The social distancing recommended to contain COVID-19 is particularly difficult for people with aphasia. Isolation is not a friend of communication, and it can be frustrating to have your routine derailed, especially when it comes to lost speech therapy appointments.
While some therapists are offering remote, video appointments, other therapists aren’t able to make the jump online. At the same time, clients may also lack the necessary tools or internet connection for continuing speech therapy appointments from home.
Even if you are continuing with remote speech therapy, you may be looking for small, actionable activities you can do from home that will help you retain speech progress.
What Is One Aphasia Action?
We’ve compiled a list of things you can do to keep up your speech progress from home.
Every day——starting tomorrow on April 1st——we’ll post one activity early in the morning and share a link to the post on Facebook and Twitter.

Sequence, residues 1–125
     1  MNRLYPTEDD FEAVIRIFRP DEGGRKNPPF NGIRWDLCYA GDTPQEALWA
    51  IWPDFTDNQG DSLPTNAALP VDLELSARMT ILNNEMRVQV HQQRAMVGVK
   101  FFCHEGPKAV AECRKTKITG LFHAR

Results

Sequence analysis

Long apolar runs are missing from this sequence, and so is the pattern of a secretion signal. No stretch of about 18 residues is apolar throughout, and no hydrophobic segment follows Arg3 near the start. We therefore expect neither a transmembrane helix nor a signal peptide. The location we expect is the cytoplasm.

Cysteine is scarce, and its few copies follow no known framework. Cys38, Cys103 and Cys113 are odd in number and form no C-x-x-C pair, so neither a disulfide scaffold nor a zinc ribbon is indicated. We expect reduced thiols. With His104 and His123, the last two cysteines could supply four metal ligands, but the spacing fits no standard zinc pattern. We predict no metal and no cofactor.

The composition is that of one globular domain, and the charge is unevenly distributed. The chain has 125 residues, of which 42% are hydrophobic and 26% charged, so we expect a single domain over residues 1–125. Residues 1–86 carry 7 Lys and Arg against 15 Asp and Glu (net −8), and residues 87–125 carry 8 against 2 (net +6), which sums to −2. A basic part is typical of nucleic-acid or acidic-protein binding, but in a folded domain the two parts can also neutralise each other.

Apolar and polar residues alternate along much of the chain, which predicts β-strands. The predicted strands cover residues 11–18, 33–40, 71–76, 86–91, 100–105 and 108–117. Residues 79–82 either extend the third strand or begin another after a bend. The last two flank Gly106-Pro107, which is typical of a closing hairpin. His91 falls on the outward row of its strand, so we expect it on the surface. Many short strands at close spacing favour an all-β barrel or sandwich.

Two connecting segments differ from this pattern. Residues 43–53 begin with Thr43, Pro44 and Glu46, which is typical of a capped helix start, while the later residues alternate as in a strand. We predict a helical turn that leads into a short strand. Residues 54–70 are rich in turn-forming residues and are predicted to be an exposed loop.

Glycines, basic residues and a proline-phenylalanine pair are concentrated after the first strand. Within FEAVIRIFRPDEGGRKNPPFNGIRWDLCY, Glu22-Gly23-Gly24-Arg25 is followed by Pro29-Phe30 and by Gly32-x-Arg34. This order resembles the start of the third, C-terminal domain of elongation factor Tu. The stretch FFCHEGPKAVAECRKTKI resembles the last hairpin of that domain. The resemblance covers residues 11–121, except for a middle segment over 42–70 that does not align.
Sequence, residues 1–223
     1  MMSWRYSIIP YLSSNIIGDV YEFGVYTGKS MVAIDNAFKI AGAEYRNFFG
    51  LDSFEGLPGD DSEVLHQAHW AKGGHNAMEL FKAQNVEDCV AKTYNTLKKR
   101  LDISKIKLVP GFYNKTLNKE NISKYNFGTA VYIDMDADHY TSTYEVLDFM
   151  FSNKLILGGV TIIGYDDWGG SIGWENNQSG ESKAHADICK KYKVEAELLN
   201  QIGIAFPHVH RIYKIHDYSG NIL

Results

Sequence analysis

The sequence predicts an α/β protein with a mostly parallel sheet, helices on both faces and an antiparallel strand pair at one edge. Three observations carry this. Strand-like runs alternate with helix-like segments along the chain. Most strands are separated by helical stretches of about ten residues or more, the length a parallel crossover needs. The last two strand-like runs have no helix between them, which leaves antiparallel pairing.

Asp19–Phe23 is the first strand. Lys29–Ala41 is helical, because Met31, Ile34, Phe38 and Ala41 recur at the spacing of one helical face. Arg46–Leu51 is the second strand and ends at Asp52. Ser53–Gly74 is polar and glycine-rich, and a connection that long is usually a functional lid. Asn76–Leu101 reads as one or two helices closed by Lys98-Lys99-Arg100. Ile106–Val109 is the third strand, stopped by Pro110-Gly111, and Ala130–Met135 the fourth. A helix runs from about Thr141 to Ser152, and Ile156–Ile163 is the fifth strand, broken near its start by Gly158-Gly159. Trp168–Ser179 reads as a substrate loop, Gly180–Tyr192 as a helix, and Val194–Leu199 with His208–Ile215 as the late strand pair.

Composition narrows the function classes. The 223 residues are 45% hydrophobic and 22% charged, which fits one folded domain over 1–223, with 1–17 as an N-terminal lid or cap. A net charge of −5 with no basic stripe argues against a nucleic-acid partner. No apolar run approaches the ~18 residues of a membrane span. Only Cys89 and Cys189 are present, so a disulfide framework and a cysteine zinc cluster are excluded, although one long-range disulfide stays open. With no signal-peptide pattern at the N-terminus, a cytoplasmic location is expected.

Try every activity, even if you only do it once. Keep doing the activities you like, repeating them the next day along with the new activity, and drop the ones that don’t work for you.
We hope that by the end of the first week, you’ll have an hour-long (or longer!) new habit that will help you retain the progress you’ve made on regaining speech after an aphasia diagnosis or maintaining speech after a primary progressive aphasia diagnosis.
What If I Miss the First Day?
This works best if you start on Day 1 and work at your own pace, even if you’re finding this project long after April 1st. After 30 days, either continue doing the activities you’ve enjoyed from your first 30 days, or start the cycle again with Day 1.
Or spread out the activities. For instance, do Day 1 on Monday, Day 2 on Wednesday, and Day 3 on Friday. While it’s best to go in order, it is not important to complete the activities in 30 days.
We’ll meet you back here tomorrow for the first activity. Get ready to take one aphasia action every day.
This is not a special speech therapy program, nor should it be used in place of recommendations from your speech therapist. It is general advice of speech-rich activities that can supplement speech therapy work or help individuals to not lose progress while they are isolated at home. We cannot give individual recommendations.